Publishers/Editors.......Tom and Maryanne Milligan Staff Writer .............................Patty-Pat Kozlowski Account Executive........................L. J. Wesolowski Cartoonist/Writer .............................. Jeff Kilpatrick Production/Ad Design ...................Kathy Westfield

DOES YOUR ANNUAL MAMMOGRAM MAKE YOU A LITTLE NERVOUS? gram is going on now until November. This program provides four $5 vouchers to eligible seniors, which can be used at participating farmer’s markets and roadside stands to purchase fresh fruits and vegetables which are grown in Pennsylvania. To find the nearest participating market, click here.   This program is administrated through the local Area Agency on Aging. For additional information on program availability, eligibility guidelines and how to apply, contact Philadelphia Department of Aging at 215-765-9040 or click here. (Link: http://www. pcacares.org/ )   Link for program definitions: http://www.agriculture.state.pa.us/portal/server.pt/gateway/ P TA RG S _ 6 _ 2 _ 7 5 2 9 2 _10297_0_43/AgWebsite/ProgramDetail.aspx?S e n i o r- Fa r m e r s - M a rket-Nutrition-ProgramSFMNP&palid=17   For locations state wide: h ttp : / / p am eals. c o m / M e a l s P u b l i c / Fa r m Markets/MarketSearch. aspx?pc=fmnp. Where is My Property Tax or Rent Rebate?   The status of Property Tax and Rent Rebate applications is now available online. If you filed for a property tax or rent rebate and would like to know the status of it, click here or call 1-888-PATAXES.   As of May 30, the Revenue Department had received 463,672 rebate applications, and rebate distribution began July 1.   The Property Tax/Rent Rebate is available to senior citizens and people with disabilities who meet certain income guidelines. The deadline to apply is Dec. 31. Claim forms are available by contacting my office at 215-7442600 or 215-425-0901 or visiting my website here. (Link: http://www.reptaylor.com/)   For more information, including eligibility guidelines, visit:   Status Link: http://www. doreservices.state.pa.us/ Individual/RebateDefault. htm?revenueNav=%7C see TAYLOR on page 7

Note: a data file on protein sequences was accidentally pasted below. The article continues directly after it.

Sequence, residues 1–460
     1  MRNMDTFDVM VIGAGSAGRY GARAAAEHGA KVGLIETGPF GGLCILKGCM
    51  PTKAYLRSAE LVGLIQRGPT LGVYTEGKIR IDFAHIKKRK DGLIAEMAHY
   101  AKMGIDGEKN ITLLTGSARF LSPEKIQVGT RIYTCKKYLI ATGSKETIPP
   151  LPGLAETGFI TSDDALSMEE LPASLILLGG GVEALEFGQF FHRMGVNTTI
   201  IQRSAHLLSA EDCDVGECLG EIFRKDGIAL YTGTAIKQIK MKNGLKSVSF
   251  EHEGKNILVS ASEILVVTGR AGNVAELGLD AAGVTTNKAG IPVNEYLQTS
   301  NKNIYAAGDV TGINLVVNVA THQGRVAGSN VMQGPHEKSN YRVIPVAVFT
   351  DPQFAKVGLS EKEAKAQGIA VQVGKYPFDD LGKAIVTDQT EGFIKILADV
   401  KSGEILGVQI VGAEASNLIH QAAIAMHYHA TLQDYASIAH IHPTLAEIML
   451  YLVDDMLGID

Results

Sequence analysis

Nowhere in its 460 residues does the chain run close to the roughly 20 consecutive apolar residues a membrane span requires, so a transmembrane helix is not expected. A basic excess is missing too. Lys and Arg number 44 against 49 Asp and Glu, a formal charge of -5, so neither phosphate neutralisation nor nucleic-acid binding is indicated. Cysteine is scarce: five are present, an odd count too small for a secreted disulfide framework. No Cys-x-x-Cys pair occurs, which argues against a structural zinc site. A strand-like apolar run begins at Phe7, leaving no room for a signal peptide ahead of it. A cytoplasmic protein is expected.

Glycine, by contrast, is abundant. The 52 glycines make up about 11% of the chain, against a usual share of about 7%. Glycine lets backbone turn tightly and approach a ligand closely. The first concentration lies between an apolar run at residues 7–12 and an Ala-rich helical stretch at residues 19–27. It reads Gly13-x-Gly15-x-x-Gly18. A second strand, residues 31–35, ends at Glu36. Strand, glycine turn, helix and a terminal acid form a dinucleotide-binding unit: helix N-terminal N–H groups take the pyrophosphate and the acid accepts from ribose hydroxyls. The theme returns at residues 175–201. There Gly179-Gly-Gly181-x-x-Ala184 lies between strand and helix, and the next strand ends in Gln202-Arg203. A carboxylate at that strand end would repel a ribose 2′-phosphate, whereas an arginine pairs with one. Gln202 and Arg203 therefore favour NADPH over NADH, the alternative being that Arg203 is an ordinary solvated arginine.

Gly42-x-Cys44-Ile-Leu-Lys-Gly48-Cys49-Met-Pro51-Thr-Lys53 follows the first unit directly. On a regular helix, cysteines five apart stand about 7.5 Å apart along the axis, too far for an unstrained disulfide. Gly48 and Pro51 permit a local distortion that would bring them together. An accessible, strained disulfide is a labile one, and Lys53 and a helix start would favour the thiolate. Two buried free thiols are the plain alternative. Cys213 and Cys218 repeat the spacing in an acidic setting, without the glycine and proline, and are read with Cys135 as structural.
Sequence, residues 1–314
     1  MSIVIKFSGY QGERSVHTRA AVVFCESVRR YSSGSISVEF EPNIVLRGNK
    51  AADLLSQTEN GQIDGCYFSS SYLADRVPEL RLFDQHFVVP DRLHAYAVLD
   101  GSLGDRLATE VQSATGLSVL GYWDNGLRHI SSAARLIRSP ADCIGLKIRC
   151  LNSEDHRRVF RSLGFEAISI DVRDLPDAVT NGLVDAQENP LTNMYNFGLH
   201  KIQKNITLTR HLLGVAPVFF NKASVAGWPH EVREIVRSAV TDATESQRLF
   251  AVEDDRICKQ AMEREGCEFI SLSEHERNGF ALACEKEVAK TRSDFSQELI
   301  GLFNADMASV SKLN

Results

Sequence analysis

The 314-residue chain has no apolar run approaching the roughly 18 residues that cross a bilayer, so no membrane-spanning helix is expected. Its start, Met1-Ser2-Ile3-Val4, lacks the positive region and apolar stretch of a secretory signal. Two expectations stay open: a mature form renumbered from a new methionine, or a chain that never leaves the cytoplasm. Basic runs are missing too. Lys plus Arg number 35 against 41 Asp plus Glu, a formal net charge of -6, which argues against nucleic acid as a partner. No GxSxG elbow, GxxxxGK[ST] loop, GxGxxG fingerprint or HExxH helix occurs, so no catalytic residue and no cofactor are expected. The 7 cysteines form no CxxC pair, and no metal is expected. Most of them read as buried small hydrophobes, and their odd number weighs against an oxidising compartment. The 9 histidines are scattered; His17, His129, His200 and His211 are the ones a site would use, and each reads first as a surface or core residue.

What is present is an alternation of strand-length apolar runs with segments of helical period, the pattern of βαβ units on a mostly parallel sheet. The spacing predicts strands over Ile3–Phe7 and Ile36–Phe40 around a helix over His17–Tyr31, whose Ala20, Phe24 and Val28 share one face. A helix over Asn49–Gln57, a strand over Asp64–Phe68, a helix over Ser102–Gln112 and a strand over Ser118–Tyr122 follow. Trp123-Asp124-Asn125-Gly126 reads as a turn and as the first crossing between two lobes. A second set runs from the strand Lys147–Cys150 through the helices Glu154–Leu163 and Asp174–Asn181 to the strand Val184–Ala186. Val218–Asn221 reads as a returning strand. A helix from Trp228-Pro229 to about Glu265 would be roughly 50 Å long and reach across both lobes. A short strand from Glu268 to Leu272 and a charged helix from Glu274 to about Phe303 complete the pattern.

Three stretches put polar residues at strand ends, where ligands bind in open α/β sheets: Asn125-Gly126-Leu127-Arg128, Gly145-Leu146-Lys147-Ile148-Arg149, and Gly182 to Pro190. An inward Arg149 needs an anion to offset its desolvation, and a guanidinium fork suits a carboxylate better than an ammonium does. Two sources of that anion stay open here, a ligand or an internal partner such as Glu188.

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THE SPIRIT COMMUNITY NEWSPAPERS • WEDNESDAY, JULY 30, 2014